Brantley Gilbert looks the part for the poster child of the bro-country movement. His affliction shirt, earrings, tattoos, and gaudy jewelry reek of a guy pushing a hardcore image to unsuspecting fans. While Brantley lives up his reputation in many of his songs, he has often showed a sensitive side that reveals some emotional songwriting. If you bought Just As I Am looking for a hard-rocking jam-fest, you may be disappointed. While this may not be the greatest album I've ever heard, or even among the best of a strong 2014 for album releases, Just As I Am is certainly surprising with it's honesty and emotion.
Perspective is key in this album. When you hold it up to Jason Eady's Daylight and Dark, or Sturgill Simpson's Metamodern Sounds In Country Music, its pretty weak. The overly loud guitars, heavy production, and throwaway tracks kill it's chances to be Album of The Year material. However, when compared to the majority of releases by the big name radio guys, this album has a lot more depth and sincerity. Brantley Gilbert is an artist of potential. He can write. He has proved that. He needs to lose the dopey persona he is trying to push and get back to his roots. He clearly has something to say.
The opening track is pure throwaway garbage. I'm tough, I'm bad, I like rock 'n roll, blah blah blah. We've heard this 5000 times from BG. But, from there the album gets much better. "17 Again", like most others, is loud and overproduced, but the lyrics about reminiscing over old love are relatable and compelling. Of course, there's the usual schlock of small towns and partying songs tossed in. "Small Town Throwdown" is just a marketing gimmick with Justin Moore and Thomas Rhett to use the star power of three up-and-comers to attract enough attention to distract from the fact that this song sucks. "Lights of My Hometown" is literally the exact same song, so in case you were wondering, BG's town is small and they party. How unique. The lead single, "Bottoms Up", is also boring and mindless. Its hardly catchy and the lyrics are as basic as it gets. BG is sober. Why he still perpetuates this party boy drinker image is beyond me (jk. It makes him lots of money. duh). He should spend more time being honest about facing his demons than playing up to an image that clearly isn't real.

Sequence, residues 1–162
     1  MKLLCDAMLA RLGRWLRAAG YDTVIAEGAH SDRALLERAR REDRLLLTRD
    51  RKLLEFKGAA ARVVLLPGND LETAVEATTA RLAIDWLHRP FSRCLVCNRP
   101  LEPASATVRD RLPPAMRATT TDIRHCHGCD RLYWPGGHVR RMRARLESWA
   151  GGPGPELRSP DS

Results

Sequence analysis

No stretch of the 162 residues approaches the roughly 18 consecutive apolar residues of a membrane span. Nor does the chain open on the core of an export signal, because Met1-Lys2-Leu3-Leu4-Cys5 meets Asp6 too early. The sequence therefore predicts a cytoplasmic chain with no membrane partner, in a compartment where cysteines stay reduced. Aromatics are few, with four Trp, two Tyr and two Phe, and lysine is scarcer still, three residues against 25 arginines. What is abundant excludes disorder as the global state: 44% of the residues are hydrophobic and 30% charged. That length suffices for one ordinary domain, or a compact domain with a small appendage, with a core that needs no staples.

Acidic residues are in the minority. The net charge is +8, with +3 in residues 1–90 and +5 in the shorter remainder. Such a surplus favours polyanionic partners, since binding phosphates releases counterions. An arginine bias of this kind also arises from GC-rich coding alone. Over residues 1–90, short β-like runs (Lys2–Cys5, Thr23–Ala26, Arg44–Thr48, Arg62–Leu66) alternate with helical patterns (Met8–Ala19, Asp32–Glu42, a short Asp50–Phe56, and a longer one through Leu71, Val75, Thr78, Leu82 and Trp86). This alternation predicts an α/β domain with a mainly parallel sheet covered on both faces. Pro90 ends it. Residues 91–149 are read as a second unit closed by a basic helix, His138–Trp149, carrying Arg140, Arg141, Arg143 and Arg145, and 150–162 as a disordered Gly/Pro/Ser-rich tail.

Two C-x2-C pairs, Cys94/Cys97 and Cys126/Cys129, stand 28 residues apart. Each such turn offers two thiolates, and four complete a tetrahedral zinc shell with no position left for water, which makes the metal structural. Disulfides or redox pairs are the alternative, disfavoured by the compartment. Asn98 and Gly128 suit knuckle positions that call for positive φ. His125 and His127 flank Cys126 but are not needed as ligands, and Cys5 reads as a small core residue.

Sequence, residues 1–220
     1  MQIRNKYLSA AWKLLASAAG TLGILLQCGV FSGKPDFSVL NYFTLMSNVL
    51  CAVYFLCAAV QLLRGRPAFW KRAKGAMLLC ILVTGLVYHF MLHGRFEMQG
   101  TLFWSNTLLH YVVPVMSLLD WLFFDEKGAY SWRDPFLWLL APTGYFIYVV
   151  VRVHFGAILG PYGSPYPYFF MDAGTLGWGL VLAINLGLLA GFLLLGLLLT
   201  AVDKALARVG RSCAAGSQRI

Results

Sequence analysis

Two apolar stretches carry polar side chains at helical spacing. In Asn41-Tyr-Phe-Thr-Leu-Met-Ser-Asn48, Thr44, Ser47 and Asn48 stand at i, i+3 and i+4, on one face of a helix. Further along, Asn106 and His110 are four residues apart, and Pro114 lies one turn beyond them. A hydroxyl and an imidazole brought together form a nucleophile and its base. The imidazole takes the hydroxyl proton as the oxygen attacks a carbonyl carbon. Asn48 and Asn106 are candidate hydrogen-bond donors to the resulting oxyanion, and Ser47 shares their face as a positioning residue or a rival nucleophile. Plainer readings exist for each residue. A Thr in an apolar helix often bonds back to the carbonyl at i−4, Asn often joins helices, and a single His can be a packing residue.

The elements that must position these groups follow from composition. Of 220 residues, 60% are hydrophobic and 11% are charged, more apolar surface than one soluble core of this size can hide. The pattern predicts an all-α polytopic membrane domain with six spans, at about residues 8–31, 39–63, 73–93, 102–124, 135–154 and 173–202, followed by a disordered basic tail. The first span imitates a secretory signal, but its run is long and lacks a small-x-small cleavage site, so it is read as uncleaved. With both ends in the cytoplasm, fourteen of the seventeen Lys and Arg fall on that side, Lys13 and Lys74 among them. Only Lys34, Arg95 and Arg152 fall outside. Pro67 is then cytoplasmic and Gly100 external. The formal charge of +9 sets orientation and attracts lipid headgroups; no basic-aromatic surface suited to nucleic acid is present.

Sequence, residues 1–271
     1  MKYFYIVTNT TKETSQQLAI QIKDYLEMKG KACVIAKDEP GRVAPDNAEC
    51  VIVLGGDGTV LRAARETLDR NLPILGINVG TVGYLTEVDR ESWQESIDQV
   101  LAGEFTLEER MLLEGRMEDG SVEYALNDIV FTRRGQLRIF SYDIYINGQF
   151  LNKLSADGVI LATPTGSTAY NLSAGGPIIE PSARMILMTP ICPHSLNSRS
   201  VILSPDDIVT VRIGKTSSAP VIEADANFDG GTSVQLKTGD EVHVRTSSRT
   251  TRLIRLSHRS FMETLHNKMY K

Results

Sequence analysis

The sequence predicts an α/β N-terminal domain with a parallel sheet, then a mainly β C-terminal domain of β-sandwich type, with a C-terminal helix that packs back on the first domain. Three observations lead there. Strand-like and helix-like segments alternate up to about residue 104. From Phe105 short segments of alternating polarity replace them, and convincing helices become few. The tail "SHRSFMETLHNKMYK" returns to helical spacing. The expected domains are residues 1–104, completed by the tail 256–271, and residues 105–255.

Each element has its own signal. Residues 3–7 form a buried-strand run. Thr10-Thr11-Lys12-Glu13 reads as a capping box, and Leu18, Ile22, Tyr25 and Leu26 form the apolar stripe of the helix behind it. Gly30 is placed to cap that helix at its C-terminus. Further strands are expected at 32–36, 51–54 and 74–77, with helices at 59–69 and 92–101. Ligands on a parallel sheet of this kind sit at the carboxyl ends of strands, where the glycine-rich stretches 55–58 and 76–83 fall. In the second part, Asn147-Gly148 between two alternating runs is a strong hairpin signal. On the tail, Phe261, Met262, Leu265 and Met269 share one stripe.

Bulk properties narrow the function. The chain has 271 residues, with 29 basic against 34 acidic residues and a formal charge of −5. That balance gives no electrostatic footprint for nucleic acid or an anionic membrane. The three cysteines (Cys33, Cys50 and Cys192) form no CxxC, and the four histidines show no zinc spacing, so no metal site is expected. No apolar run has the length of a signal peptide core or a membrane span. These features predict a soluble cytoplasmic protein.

Fortunately, Brantley does spend a lot of time with better subject matter on this album. You know what's missing from radio? Love songs. Cheesy, over the top, love songs. All women nowadays are regulated to ornaments on the tailgate rather than focuses of sincere admiration in most radio singles. BG is bringing back the love song. "My Baby's Guns N Roses" is a little cheesy, but it still feels honest and gives the girl a little more personality and intrigue than most mainstream hits do. "Let It Ride" is another good ole fashioned love song. Well, its not old fashioned, the guitars and production are cranked up like every song on the album, but it's still sincere and emotional. I dig it. On the opposite end of that spectrum, "I'm Gone" is a pretty solid leaving song that actually has a surprise to it. It is clever songwriting. BG certainly has skill, this song proves it. "One Hell of An Amen" is also borderline cheesy, but it works. The sentiment of living life to its fullest and going out on top is a tried and true theme in country music, and BG wrote another solid song in that line. "That Was Us" is probably the catchiest song of the album, and the lyrics aren't half bad. Its a typical good ole days song, but with the contemporary-yet-still-country sound and easy to relate to lyrics, this could be a big song that modern and traditional fans could enjoy on the radio. "My Faith In You" is what I wanted to see from Brantley. He has had some trouble in his life, and rather than ignore that, he confronts some of his demons in this song about keeping his faith amidst adversity. It's honest, its pure, and its true. Brantley dug deep and gave us a small peek inside. These are the songs that make people stop and listen. It's not background noise, its an emotional release. "My Faith In You" is a strong closer to this album.
Overall, Just As I Am is surprisingly decent. I expected a train-wreck full of parties and pickups. Those themes are still there, but this digs much deeper. Brantley Gilbert has a lot of talent hidden behind his wallet chains and goofy shirts. If Brantley can shed his bad boy persona and focus more on being true to himself, he could really take the next step as an artist. Even so, Just As I Am is a decent album, and worthy of checking out if you like good songwriting with a rock edge. It won't win album of the year, but I'm impressed and pleasantly surprised with this effort.
Standout Tracks: "My Faith In You", "One Hell of An Amen", "That Was Us", "I'm Gone", "Let It Ride"
"One Hell of an Amen"